Haiti braces for Matthew
PORT-AU-PRINCE, Haiti (AP):
Heavy rains from the outer bands of Hurricane Matthew drenched Jamaica and Haiti on Monday, flooding streets and sending many people to emergency shelters as the Category Four storm approached the two countries. Two deaths were reported in Haiti, bringing the total for the storm to at least four.
Matthew had sustained winds of 140mph (220kph) as it moved north, up from 130mph (210kph) earlier in the day. The centre was expected to pass just east of Jamaica and near or over the southwestern tip of Haiti early today before heading to eastern Cuba, the US National Hurricane Center in Miami said.
"We are looking at a dangerous hurricane that is heading into the vicinity of western Haiti and eastern Cuba," said Richard Pasch, a senior hurricane specialist with the centre.
"People who are impacted by things like flooding and mudslides hopefully would get out and relocate, because that's where we have seen loss of life in the past."
In Haiti, authorities went door to door in the south coast cities of Les Cayes and Jeremie to make sure people were aware of the storm. At least 1,200 people were evacuated to shelters in churches and schools.
"We are continuing to mobilise teams in the south to move people away from dangerous areas," said Marie Alta Jean-Baptiste, head of Haiti's civil protection agency.
In Port-au-Prince, schools were shuttered and residents lined up at gas stations and cleared out the shelves at supermarkets as a light rain fell in the capital. Some worried the city of roughly a million people would not fare well. "We are not prepared," unemployed mason Fritz Achelus said as he watched water pool on a downtown street.
At least two fishermen died in rough water churned up by the storm, Jean-Baptiste said. A boat carrying one of the men capsized early Monday off the tiny southwestern fishing town of Saint Jean du Sud as he was trying to bring his wooden skiff to shore. The body of the other was recovered a short time later off the nearby town of Aquin after he apparently drowned.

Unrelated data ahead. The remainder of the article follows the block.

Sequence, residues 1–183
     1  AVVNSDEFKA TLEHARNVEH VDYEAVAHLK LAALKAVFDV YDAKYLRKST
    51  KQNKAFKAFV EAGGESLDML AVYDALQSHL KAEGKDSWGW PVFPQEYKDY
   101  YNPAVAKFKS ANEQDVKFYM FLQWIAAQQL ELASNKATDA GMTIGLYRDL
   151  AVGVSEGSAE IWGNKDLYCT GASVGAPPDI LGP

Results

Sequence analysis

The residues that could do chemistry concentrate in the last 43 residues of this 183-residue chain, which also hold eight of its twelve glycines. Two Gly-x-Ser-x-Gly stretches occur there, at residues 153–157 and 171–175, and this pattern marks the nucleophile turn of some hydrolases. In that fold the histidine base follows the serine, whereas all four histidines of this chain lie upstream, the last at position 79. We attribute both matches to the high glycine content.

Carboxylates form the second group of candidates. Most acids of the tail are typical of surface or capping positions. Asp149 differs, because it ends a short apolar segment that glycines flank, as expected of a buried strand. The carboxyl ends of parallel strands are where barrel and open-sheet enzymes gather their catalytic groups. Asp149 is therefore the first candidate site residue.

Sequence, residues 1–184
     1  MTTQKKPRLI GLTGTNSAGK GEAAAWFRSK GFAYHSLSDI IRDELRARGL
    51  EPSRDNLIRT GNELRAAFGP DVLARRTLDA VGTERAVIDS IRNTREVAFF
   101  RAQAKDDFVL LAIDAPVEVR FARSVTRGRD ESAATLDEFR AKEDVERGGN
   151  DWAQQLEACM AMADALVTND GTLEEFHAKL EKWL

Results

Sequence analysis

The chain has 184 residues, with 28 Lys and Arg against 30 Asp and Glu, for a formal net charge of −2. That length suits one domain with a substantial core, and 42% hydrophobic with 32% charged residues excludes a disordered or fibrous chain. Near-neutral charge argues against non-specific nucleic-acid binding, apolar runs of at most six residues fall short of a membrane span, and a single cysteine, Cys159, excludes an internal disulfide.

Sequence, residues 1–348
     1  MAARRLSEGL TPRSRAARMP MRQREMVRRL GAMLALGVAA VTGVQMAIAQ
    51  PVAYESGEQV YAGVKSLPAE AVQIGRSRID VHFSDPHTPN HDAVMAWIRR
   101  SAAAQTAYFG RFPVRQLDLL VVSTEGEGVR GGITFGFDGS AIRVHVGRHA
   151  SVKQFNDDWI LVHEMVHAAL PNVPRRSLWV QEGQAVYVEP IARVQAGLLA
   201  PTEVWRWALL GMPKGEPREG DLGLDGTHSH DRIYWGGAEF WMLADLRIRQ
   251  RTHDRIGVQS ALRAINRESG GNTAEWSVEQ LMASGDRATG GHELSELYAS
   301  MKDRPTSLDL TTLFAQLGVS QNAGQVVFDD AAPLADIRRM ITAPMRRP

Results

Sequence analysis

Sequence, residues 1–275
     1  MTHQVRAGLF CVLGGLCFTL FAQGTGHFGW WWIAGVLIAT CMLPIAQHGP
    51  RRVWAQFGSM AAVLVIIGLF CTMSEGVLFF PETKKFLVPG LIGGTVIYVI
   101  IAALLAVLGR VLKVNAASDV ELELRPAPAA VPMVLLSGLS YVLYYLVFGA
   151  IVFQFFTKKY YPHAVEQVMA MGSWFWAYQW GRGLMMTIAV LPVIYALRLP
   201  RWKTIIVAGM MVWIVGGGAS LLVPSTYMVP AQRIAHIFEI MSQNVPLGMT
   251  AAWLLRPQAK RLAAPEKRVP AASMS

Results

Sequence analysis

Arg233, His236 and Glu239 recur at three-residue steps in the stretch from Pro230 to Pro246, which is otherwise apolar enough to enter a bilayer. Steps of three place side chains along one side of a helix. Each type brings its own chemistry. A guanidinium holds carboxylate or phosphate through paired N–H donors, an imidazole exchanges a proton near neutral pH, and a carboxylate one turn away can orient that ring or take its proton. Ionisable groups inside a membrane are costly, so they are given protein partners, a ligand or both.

Their deaths brought the total for the storm to at least four. One man died Friday in Colombia and a 16-year-old in St Vincent and the Grenadines on September 28 when the system passed through the eastern Caribbean.
Forecasters said the storm was expected to dump as much as 40 inches (100 centimetres) of rain on some isolated areas of Haiti, raising fears of deadly mudslides and floods in the heavily deforested country where many families live in flimsy houses with corrugated metal roofs.
Matthew is one of the most powerful Atlantic hurricanes in recent history and briefly reached the top classification, Category Five, becoming the strongest hurricane in the region since Felix in 2007. The hurricane centre said the storm appeared to be on track to pass east of Florida through the Bahamas, but it was too soon to predict with certainty whether it would threaten any spot on the US East Coast.
"Although our track is to the east of Florida, interests there should remain vigilant and we can't rule out the possibility of impacts," Pasch said.
As of 2 p.m. EDT (1800 GMT), the storm was centred about 250 miles (400 kilometres) southwest of Haiti's capital of Port-au-Prince and 195 miles (315 kilometres) southeast of Kingston. It was moving north at 6mph (9kph).
A hurricane warning was posted for the southeastern Bahamas, where the storm was expected to move along the eastern length of the island chain starting early Wednesday. A hurricane watch was in effect for eastern Cuba, where the government declared a hurricane alert for six eastern provinces and removed traffic lights from poles in the city of Santiago to keep them from falling because of heavy wind.
After passing Jamaica and Haiti, Matthew's centre was expected to pass about 50 miles (80 kilometres) east of the US Navy base at Guantanamo Bay, Cuba, where authorities evacuated about 700 spouses and children of service members on military transport planes to Florida.
The US installation has a population of about 5,500, including 61 men held at the detention centre for terrorism suspects. Navy Captain David Culpepper, the base commander, said emergency shelters had been set up and authorities were bracing for 80mph winds along with storm surge and heavy rain that could threaten some low-lying areas, including around the power plant and water desalination facility.
"We have no choice but to prepare ourselves to take a frontal assault if you will," Culpepper said.